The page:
Changing community perceptions on human rights
Graphic: Representatives from the Fiji Human Rights and Anti-Discrimination Commission
A major barrier when discussing human rights in the Pacific is the attitude it is at odds with cultural values, participants told a workshop in Fiji.
One of the greatest barriers when discussing human rights in the Pacific is the community attitude it is a 'foreign' concept at odds with traditional cultural values, participants told a workshop in Fiji.
The three-day workshop was an opportunity for participants to share examples of effective human rights communication and education initiatives in the Pacific, as well as develop skills and strategies to build community engagement on human rights issues.
What emerged was an understanding that human rights and Pacific cultural values share far more in common than their differences and that when these shared values are communicated effectively, understanding and enjoyment of rights can increase substantially.
In this short video, Maiava Lulai Toma, Ombudsman of Samoa, explains how human rights link to the traditional Samoan values and Christian faith.
The video is one of a series produced as part of the Commonwealth Equality Project, which is implemented by the Regional Rights Resource Team (RRRT) of the Pacific Community.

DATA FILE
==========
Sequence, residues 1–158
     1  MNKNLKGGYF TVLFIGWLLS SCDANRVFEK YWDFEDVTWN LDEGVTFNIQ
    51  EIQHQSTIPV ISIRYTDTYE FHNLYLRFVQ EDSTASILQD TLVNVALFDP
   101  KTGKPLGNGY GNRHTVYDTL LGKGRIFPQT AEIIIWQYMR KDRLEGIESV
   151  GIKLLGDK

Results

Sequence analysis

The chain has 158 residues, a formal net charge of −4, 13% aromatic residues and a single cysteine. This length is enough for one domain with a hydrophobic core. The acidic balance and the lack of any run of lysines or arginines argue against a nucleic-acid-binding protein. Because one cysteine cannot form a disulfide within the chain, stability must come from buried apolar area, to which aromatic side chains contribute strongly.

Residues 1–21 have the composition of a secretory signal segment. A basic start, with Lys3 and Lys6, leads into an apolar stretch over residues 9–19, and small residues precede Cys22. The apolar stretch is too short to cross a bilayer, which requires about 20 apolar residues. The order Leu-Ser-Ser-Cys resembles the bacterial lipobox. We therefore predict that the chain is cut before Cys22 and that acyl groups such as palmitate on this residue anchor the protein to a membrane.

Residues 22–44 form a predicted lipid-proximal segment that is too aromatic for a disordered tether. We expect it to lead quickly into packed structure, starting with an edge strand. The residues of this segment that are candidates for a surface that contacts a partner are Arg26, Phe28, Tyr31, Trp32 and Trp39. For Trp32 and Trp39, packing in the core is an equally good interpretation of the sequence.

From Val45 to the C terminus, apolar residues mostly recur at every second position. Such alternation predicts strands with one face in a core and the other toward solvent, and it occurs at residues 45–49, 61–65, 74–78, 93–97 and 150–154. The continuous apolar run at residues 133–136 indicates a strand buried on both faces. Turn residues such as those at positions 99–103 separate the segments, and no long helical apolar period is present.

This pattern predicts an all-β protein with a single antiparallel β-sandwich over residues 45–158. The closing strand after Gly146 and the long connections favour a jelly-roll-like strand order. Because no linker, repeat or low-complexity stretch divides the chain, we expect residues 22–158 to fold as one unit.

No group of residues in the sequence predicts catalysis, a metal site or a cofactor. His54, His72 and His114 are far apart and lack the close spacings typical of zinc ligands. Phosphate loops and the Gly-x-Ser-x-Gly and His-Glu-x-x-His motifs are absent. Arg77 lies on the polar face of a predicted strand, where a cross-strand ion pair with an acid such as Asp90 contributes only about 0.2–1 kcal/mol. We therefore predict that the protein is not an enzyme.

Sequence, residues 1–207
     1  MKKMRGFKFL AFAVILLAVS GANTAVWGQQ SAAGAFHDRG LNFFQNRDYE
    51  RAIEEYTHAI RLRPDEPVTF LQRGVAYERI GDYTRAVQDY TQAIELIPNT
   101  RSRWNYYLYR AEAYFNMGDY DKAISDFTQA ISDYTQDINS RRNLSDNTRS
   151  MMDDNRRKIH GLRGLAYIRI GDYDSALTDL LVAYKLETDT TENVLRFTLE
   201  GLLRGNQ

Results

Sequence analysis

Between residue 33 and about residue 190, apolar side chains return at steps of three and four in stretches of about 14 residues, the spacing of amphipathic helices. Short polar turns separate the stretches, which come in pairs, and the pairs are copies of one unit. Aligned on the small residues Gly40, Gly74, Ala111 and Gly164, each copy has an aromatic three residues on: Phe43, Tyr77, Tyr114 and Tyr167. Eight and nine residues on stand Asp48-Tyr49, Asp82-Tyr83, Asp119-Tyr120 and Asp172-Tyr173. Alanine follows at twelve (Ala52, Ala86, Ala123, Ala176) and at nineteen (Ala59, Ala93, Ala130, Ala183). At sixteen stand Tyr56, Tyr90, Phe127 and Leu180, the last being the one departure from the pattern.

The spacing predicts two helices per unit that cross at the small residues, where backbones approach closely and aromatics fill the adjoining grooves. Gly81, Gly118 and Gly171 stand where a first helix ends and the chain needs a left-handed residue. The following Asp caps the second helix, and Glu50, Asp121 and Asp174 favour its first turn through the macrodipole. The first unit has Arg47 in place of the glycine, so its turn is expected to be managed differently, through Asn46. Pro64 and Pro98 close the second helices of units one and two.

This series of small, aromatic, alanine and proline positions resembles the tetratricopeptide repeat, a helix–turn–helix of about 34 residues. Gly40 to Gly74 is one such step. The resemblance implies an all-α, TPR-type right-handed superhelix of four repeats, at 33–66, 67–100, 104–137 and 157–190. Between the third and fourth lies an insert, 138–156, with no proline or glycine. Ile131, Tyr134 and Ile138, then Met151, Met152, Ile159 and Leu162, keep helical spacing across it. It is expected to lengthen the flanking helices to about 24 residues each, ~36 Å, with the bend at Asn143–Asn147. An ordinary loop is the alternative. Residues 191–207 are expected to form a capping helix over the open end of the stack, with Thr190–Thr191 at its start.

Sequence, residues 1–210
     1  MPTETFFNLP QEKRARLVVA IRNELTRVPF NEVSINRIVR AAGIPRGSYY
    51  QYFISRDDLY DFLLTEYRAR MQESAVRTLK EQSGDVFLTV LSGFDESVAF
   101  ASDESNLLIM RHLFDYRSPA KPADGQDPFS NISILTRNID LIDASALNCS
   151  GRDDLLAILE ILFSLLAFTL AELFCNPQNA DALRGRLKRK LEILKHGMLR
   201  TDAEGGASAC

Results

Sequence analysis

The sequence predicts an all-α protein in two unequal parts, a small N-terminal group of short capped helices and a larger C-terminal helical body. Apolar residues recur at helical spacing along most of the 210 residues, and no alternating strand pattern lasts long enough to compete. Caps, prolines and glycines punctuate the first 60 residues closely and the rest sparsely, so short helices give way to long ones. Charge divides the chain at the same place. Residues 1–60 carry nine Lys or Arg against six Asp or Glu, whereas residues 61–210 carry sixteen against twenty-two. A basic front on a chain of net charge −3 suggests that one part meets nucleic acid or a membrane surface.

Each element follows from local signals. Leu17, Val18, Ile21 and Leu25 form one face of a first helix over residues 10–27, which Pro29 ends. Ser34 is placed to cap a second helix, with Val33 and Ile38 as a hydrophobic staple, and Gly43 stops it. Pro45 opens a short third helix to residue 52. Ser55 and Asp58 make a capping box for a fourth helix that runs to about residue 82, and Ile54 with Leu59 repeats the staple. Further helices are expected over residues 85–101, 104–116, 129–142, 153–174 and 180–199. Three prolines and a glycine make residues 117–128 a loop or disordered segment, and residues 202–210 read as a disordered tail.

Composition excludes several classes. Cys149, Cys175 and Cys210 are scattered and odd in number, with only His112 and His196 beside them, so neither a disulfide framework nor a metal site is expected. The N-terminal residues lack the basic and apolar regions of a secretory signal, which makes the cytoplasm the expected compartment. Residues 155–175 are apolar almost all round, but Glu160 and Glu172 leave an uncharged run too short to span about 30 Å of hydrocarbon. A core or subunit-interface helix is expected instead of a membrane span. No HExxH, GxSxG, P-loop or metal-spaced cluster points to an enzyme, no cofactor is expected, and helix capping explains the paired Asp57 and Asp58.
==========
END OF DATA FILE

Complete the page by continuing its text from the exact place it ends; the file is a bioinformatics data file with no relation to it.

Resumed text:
A common theme throughout the discussions was the importance of using stories that connect human rights with the cultural values that are meaningful to people in different parts of the Pacific.
The workshop brought together representatives from the three national human rights institutions in the Pacific – Samoa, Fiji and Tuvalu – as well as from government agencies and civil society organisations from the Cook Islands, the Federated States of Micronesia, Kiribati, the Marshall Islands, Nauru and Tonga.
Practical exercises encouraged participants to consider human rights from the perspective of different audiences, to 'translate' human rights into day-to-day concepts and to discuss how they could 'reframe' difficult conversations.
Graphic: Norleen Oliver, workshop participant from the Federated States of Micronesia
They also began planning a communications or education program they would like to run in their respective countries.
Some of the practical ideas discussed by participants included:
- Developing human rights content for an induction program for public servants
- Preparing an engaging program on human rights and the work of parliamentarians for incoming MPs
- Providing human rights information for detainees in prisons and other places of detention
- Integrating songs, stories and proverbs with linkages to human rights values into the school curriculum
- Working with village councils to promote human rights values in the development of by-laws
- Developing media guidelines on how to report on persons with disabilities.
The workshop, held from 8-10 April, was organised by the Regional Rights Resource Team (RRRT) of the Pacific Community, in partnership with the APF.
James Iliffe, APF Communications Consultant, led the sessions on human rights communication, while Dr Frances Cresantia Koya, from the University of the South Pacific, led the sessions on human rights education.
Date: 15 April 2019
- Representatives from the Fiji Human Rights and Anti-Discrimination Commission - APF
- Norleen Oliver, workshop participant from the Federated States of Micronesia - RRRT